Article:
A group of friends who graduated high school together is excited to finally go to a Bears game. They have wives and children, and they are looking forward to catching up while roasting brats, tailgating, and drinking beer. While they are tailgating and waiting for the game, they start talking about politics, specifically, the withdrawal from Afghanistan.
One of the six friends was a veteran who spent time serving in Afghanistan. He begins to argue with a friend who disagrees, and tensions rise. Even though one of the friends tries to get everyone to calm down and enjoy the game, the damage has been done. In the heat of the moment, one of the friends lunges toward the other and punches him. The fight snowballs, and before they know it, more people are throwing punches. Now several of the friends are facing assault and battery charges.
Illinois’ Assault and Battery Laws
Anyone involved in a fight at a Bears game or other sporting event can face criminal charges. Even if you are involved in a brawl with a friend, and your friend has forgiven you, you can still face criminal charges and serious penalties. You may face charges for assault and/or battery. Under Illinois Law, assault occurs when someone threatens to harm another person. Battery occurs when one person makes physical contact with or harms another person.
The main difference between battery and assault is whether the defendant touched the other person. For example, suppose someone holds back his arm as if he were going to punch another person but never actually punched him. In that case, he would face assault charges. As long as the victim felt that their safety was threatened or that they were at reasonable risk of injury, the elements of assault have been met.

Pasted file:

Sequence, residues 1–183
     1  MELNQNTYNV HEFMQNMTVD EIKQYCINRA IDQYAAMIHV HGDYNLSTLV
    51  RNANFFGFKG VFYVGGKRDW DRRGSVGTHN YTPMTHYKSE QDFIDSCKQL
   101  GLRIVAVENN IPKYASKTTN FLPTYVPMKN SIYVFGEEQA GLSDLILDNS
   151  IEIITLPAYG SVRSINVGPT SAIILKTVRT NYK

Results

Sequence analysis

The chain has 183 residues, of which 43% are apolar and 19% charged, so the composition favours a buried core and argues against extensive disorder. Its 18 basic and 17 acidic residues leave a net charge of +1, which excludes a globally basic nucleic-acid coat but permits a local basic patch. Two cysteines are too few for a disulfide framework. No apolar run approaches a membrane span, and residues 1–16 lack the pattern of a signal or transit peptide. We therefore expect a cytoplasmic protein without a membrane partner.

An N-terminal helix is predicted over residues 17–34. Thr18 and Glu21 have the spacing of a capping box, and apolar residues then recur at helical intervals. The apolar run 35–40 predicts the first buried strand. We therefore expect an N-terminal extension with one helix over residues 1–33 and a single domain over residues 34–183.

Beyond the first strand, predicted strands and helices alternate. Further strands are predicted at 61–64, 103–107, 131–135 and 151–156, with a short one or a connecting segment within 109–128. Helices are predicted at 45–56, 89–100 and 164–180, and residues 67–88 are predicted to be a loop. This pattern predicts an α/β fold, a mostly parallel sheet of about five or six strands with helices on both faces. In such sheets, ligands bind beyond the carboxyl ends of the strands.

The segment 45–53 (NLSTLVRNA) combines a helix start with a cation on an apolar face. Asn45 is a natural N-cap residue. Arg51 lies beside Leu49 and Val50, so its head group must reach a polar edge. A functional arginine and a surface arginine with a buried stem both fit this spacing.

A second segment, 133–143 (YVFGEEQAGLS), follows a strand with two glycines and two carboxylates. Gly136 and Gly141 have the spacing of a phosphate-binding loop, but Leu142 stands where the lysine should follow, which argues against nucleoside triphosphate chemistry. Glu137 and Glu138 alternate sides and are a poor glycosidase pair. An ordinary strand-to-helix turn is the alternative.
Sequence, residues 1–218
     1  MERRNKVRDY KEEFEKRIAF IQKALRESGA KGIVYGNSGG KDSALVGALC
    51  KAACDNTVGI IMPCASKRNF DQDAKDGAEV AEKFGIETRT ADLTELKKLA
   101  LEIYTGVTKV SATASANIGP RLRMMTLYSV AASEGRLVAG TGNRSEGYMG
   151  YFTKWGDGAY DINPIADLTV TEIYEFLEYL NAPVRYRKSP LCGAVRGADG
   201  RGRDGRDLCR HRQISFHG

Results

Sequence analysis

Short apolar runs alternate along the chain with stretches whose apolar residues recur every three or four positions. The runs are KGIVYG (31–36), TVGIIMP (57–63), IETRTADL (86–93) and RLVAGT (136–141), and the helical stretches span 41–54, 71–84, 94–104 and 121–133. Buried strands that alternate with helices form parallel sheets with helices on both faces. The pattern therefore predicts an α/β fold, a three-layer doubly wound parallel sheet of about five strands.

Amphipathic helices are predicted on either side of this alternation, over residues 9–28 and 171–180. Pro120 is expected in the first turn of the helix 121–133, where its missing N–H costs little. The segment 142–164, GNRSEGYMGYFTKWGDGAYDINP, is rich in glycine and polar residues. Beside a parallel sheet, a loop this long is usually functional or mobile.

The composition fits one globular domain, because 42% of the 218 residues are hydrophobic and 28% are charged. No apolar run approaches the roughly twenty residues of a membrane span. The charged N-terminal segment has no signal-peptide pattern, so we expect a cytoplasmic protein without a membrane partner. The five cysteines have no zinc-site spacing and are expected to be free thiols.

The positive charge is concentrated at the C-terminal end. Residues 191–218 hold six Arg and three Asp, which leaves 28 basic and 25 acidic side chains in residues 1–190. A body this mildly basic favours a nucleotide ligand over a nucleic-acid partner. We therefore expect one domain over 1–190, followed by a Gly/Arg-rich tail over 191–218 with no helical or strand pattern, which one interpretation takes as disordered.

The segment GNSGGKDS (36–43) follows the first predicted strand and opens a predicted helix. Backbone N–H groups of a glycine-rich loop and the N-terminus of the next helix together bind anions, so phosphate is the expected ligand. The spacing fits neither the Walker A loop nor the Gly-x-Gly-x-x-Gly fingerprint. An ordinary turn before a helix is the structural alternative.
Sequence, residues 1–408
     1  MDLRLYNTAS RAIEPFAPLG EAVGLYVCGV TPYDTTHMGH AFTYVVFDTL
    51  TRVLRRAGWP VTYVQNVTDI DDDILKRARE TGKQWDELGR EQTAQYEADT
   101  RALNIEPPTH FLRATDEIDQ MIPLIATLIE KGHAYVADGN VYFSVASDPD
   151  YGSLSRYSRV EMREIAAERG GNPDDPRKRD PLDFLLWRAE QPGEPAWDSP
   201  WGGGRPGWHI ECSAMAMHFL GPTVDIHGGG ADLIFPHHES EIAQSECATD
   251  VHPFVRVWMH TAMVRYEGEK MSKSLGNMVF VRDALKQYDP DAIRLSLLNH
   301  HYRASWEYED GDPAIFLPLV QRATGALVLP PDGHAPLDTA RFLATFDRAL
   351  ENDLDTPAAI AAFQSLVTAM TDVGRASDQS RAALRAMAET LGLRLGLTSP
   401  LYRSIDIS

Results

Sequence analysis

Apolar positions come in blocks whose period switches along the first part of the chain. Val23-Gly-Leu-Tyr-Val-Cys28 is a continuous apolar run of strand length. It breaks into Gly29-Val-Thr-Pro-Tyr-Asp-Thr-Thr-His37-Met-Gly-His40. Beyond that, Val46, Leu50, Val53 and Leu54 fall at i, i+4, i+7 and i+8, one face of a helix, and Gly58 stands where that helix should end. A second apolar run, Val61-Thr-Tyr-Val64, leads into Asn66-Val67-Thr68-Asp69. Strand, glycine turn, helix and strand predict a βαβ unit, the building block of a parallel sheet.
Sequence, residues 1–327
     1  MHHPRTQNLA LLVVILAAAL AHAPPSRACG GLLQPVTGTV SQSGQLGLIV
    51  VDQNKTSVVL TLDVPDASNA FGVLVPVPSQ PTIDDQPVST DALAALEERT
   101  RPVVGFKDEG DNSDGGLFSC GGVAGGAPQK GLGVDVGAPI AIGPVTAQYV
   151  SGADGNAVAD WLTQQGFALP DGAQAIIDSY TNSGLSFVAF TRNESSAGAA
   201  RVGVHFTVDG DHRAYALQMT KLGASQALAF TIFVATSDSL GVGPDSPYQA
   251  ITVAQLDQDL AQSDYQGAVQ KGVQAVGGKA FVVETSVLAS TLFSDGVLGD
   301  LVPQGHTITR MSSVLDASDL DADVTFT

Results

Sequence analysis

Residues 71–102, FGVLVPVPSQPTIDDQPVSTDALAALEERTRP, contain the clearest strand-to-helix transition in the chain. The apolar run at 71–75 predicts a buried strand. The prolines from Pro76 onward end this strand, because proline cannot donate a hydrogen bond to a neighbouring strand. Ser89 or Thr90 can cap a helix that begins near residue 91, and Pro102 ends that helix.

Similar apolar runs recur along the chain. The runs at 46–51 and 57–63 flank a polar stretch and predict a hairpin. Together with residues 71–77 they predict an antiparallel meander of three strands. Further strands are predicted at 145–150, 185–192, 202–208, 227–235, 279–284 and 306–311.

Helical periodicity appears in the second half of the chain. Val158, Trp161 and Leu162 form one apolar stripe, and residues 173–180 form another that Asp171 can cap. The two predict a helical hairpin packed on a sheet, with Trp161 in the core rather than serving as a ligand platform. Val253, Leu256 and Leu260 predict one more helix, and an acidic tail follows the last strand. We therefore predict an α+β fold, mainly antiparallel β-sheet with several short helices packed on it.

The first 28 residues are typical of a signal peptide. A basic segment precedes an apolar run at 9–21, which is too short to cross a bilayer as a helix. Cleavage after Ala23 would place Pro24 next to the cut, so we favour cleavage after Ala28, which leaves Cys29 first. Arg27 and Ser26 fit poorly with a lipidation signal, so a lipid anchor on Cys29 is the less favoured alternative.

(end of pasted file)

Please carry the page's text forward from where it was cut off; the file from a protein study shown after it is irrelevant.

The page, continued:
Sometimes people assume that to be charged with battery, the defendant must have caused another person to be injured. On the contrary, even if one person gently slaps another person and does not leave a mark or cause any damage, they can face battery charges. Typically, in brawls that occur at sporting events, at least one person will be injured. It does not necessarily matter who started the fight, anyone who caused another person's injuries or threatened another person can face assault and battery charges.
The Penalties for Assault and Battery
There are several different categories of assault and battery in Illinois. Typically, prosecutors charge assault as a Class C misdemeanor which carries up to 30 days in jail and/or a fine of up to $1,500 plus a requirement of up to 120 hours of community service. Battery is a Class A misdemeanor. However, a defendant can be charged with an aggravated battery when certain aggravating factors are involved, such as carrying a weapon.
Facing Assault or Battery Charges After a Brawl? We Can Help
At Glasgow & Olsson, our award-winning criminal defense lawyers have a proven track record of success in many high-profile state and federal criminal cases. You can see defense attorney Thomas Glasgow on local Chicago news when he fought to get a former police officer’s conviction vacated. Contact Glasgow & Olsson today to schedule your initial consultation to learn how our legal team can fight for your rights.